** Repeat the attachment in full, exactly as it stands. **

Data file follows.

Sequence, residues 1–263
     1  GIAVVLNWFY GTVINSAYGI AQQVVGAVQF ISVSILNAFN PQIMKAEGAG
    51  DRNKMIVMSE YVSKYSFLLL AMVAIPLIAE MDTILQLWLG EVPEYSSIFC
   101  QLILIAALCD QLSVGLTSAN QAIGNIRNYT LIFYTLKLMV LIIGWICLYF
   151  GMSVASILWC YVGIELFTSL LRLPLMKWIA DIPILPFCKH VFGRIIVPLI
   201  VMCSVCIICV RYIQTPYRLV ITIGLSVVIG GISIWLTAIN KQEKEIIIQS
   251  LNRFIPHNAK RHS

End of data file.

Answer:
Sequence, residues 1–263
     1  GIAVVLNWFY GTVINSAYGI AQQVVGAVQF ISVSILNAFN PQIMKAEGAG
    51  DRNKMIVMSE YVSKYSFLLL AMVAIPLIAE MDTILQLWLG EVPEYSSIFC
   101  QLILIAALCD QLSVGLTSAN QAIGNIRNYT LIFYTLKLMV LIIGWICLYF
   151  GMSVASILWC YVGIELFTSL LRLPLMKWIA DIPILPFCKH VFGRIIVPLI
   201  VMCSVCIICV RYIQTPYRLV ITIGLSVVIG GISIWLTAIN KQEKEIIIQS
   251  LNRFIPHNAK RHS